Pavitra Mohan: I would like to say that there is a lot of mistrust right now between the public systems and the communities that they're supposed to serve. It stems partly from the abrupt lockdown last year and the forced quarantine etc., which has left a lot of fear in the minds of the people and distrust of the public systems. That is something we need to break, both for the short-term and the long-term. In the short term, you talked about testing: people are just so afraid of testing at the moment or of assisted home care because they feel like they will be quarantined, taken away, etc. This is something that we really need to work on quite urgently and seriously.
Even the way we started the vaccination, people had some misgivings initially, which is normal for any new vaccine that is introduced, especially which is injectable and which is being given to every adult. But in many places we saw that people were almost coerced into taking the vaccine [with the threat that] otherwise they would not get their old-age pensions or their name would be removed from the ration card. That led to a lot of mistrust, which needs to seriously change. Things have to be dealt with with more seriousness than is visible right now.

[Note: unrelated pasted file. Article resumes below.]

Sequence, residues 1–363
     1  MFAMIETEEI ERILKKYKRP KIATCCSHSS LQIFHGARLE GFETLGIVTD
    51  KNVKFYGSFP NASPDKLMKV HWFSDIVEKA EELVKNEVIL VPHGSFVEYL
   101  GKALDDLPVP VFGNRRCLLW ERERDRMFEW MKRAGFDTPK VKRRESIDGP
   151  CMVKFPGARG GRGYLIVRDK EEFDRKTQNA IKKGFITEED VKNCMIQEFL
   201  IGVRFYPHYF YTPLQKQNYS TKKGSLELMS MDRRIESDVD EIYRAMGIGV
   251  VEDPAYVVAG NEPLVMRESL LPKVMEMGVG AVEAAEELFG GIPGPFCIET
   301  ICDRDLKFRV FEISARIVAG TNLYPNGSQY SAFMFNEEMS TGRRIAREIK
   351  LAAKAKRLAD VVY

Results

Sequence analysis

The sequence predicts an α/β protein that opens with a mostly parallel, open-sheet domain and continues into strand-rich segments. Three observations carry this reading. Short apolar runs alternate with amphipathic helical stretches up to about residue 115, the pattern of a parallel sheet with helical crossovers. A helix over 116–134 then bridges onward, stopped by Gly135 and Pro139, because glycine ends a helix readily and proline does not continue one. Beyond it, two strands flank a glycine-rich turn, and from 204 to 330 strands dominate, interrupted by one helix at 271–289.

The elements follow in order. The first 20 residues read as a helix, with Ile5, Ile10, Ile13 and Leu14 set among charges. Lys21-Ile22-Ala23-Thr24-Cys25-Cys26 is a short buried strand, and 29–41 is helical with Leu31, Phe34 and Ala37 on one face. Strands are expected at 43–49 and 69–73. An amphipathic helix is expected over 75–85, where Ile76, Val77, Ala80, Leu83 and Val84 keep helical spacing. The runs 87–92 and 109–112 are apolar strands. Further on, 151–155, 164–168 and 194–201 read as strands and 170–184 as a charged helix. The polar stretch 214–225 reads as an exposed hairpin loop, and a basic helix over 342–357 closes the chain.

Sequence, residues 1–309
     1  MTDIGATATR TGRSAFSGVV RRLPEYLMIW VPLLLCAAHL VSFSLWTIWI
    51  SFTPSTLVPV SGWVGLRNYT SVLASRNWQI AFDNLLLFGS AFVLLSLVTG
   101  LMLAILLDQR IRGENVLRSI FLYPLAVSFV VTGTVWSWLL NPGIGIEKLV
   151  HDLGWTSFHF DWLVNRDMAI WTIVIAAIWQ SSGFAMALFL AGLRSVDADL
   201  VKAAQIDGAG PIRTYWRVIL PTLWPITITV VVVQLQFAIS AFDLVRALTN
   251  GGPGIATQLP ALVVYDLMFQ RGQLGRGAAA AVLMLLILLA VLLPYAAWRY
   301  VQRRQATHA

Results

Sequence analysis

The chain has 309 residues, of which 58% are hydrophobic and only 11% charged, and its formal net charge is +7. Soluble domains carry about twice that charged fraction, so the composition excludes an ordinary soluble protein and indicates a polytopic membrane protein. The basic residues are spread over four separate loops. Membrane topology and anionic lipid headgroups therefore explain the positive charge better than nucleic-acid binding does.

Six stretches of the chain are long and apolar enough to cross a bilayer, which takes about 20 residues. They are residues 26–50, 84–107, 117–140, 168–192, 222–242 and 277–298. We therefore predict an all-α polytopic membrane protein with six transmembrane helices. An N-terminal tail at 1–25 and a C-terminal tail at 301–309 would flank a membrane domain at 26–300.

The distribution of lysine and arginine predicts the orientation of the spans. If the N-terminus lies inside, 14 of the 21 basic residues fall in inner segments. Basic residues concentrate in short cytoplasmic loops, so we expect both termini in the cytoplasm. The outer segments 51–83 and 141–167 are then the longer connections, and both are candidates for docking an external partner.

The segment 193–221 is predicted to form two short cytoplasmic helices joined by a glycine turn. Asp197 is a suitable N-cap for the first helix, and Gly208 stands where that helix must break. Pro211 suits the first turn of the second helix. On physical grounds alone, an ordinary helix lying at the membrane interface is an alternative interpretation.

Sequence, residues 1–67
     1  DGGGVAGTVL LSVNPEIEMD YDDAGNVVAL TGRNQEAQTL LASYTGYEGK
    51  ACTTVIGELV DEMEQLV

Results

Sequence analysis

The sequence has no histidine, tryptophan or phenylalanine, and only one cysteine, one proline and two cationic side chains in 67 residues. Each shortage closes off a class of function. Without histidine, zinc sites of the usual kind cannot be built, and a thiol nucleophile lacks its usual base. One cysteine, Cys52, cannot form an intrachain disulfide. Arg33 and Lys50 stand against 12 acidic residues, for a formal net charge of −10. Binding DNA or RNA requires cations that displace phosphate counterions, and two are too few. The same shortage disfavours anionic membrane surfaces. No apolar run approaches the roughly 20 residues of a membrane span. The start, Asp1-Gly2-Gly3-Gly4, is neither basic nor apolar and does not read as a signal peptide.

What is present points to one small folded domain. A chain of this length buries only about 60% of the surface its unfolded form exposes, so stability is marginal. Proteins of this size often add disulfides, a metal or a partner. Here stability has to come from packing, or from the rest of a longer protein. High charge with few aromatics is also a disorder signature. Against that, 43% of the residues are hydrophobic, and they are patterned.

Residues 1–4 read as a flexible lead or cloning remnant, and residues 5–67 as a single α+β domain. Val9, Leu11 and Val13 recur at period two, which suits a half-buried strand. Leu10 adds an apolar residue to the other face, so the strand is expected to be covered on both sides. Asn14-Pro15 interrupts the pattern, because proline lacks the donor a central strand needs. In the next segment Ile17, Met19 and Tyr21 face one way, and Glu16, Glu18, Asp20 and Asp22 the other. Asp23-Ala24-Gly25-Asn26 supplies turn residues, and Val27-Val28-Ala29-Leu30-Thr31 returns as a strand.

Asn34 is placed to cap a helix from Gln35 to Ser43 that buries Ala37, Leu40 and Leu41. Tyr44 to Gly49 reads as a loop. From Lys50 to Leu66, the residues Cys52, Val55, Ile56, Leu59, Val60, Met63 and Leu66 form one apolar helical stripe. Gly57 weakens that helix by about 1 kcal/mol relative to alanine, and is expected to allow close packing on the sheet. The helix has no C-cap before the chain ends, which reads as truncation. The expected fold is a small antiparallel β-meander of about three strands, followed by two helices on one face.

There is, of course, a firefighting kind of an approach right now: say, how can we quickly make some oxygen available somewhere. But engaging with the communities and working with and motivating the frontline staff: that seems to be lacking at the moment and needs to be really ramped up.